Humans, like all primates, use both eyes in tandem to compute a perceptual interpretation of the visual world. However, binocular vision often fails, causing some of the most common visual disorders such as amblyopia, strabismus, diplopia or stereoblindness. Collectively, binocular visual deficits affect ~10-20% of the population, and the associated problems are generally intractable. Unraveling the neural circuitry that performs binocular integration, which is the goal of the present project, is a critical stepping-stone for developing novel and effec- tive therapeutic approaches. Here, we will fill a pressing gap in our current knowledge about the brain locations and mechanisms that support interocular interactions (cross-talk) between the retinal output of the two eyes. It is still unclear whether the two eyes' signals first meet in the cortex or already interact subcortically. While some data collected in anesthetized cats point to early cross-talk between the two eyes' signals within the tha- lamic relay, other data suggest that this is not the case. The goal of this grant is to resolve the uncertainty be- tween these two alternative possibilities. We will address the question whether there is cross-talk between the two monocular channels before the level of V1 using an innovative, integrative approach that combines simul- taneous multi-electrode array recordings with targeted neuropharmacological and optogenetic interventions. We will answer two fundamental questions. First, we will determine the degree of binocularity of M, P and K neurons in the LGN. We will do so using LGN recordings combined with cell-type specific optogenetics in awake macaques confronted with varying contrast levels during binocular stimulation. As a second step, we will eliminate feedback to the LGN by reversibly inactivating V1. Using laminar arrays, we will determine the residual activity in LGN as well as the current flow in inactivated cortex, which provides a measure of LGN feedforward inputs to V1. The outcome of all experiments combined will conclusively determine the respective roles of primate LGN and V1 for binocular integration, which is of great significance for our general understand- ing of primate vision and associated clinical implications. Without resolving these questions, models of binocu- lar vision will be incomplete or inaccurate, which will hamper medical progress for correcting disorder of bin- ocular vision, such as amblyopia and stereoblindness, which collectively affect one out of every ten people worldwide.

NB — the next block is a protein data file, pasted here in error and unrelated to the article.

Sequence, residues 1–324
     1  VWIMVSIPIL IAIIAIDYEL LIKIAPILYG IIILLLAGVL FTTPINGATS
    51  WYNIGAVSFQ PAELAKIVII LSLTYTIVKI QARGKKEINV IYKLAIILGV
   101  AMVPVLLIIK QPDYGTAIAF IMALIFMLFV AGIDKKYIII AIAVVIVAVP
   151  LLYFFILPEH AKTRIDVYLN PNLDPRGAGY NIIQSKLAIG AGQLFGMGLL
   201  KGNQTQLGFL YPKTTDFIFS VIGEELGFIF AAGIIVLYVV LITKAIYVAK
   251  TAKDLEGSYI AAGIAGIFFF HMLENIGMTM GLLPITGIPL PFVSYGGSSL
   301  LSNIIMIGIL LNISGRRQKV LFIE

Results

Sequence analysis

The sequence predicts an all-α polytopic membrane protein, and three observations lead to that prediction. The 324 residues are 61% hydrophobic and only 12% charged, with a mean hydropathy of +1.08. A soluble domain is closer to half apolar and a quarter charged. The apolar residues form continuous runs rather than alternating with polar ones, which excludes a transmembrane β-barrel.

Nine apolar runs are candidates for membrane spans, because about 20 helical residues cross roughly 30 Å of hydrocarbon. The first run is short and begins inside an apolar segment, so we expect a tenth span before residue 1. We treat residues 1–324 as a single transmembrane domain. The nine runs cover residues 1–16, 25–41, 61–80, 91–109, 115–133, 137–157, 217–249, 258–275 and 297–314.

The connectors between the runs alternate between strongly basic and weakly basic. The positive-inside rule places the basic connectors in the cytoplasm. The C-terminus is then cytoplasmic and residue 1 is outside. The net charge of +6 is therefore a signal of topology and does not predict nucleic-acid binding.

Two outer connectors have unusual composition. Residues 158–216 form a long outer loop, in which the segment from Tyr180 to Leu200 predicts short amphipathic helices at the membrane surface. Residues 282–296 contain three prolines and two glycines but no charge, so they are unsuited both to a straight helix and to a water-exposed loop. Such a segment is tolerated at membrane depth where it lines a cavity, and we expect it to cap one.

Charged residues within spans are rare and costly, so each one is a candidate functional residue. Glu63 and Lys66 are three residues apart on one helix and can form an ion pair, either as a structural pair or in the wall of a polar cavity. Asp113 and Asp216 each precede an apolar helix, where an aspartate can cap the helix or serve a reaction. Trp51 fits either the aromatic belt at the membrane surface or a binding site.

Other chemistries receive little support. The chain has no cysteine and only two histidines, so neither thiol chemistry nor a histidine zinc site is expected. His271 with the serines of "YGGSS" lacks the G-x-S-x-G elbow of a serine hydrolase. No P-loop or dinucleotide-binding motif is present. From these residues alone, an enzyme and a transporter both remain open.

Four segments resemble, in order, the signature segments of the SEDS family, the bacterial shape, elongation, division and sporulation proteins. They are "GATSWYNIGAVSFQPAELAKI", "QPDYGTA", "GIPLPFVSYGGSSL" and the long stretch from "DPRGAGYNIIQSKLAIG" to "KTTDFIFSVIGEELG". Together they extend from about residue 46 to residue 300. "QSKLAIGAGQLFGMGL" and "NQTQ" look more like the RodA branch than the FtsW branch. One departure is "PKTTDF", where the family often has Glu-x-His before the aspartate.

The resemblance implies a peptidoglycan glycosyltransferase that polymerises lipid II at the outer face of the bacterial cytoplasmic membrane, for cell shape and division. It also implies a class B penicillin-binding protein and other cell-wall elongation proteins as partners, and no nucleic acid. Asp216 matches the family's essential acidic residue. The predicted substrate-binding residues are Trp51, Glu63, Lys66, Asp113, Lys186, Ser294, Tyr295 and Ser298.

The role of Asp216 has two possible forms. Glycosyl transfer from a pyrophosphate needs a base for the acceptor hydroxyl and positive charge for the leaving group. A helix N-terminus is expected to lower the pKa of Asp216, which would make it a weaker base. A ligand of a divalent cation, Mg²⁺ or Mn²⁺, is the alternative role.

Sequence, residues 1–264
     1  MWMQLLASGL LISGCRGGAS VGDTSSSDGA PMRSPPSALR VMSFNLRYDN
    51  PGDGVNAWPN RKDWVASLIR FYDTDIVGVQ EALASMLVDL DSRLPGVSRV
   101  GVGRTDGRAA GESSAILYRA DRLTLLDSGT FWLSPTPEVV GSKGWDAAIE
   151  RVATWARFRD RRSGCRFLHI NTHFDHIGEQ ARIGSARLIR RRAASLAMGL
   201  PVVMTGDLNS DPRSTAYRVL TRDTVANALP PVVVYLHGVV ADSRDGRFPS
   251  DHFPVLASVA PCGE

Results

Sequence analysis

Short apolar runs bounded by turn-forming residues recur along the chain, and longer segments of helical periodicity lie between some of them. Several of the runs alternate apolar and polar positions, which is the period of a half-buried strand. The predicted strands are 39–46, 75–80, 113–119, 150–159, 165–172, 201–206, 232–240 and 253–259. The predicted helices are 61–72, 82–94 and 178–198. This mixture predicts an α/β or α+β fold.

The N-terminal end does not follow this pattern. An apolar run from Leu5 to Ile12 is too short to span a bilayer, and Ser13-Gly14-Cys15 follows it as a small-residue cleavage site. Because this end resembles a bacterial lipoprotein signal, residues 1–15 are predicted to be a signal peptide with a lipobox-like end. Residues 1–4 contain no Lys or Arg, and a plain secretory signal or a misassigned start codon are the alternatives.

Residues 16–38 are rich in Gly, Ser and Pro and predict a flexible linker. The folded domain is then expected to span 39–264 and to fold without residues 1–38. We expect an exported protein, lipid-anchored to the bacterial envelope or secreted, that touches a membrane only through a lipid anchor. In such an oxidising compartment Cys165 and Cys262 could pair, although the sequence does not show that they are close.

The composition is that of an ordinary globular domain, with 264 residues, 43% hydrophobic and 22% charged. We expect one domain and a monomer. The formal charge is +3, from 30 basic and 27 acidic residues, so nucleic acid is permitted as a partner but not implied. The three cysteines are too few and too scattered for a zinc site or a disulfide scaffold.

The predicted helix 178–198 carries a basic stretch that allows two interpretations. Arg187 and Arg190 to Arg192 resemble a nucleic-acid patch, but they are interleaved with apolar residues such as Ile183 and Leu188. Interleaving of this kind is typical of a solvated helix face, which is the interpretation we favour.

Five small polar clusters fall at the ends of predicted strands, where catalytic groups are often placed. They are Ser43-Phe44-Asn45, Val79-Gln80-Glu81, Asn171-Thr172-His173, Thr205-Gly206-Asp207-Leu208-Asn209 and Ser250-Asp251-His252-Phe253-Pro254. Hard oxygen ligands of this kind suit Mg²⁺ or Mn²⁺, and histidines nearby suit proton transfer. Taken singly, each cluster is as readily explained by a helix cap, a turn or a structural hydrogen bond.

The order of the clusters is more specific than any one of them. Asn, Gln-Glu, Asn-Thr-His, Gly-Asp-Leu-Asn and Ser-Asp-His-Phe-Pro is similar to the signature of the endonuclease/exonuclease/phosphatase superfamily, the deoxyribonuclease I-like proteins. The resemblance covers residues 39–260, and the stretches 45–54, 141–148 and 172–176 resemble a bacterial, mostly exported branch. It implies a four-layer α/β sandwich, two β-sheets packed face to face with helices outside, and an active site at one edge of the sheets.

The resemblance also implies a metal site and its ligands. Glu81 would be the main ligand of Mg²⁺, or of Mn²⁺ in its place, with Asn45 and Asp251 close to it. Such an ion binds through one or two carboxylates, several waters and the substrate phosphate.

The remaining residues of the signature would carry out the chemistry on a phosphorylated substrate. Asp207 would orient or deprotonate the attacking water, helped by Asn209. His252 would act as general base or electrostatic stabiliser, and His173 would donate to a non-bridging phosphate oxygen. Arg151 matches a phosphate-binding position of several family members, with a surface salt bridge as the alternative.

Public Health Relevance

Many common visual disorders affect our ability to see with both eyes. Few cures are available to treat these disorders because we still have an incomplete understanding of where and how signals from the two eyes get integrated in the brain. The end result of this proposal will be an improved understanding of the role of a key structure, the visual thalamus, for combining both eyes' views.

National Institute of Health (NIH)
National Eye Institute (NEI)
Research Project (R01)
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Study Section
Mechanisms of Sensory, Perceptual, and Cognitive Processes Study Section (SPC)
Program Officer
Flanders, Martha C
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Vanderbilt University Medical Center
Schools of Arts and Sciences
United States
Zip Code
Dougherty, Kacie; Schmid, Michael C; Maier, Alexander (2018) Binocular response modulation in the lateral geniculate nucleus. J Comp Neurol :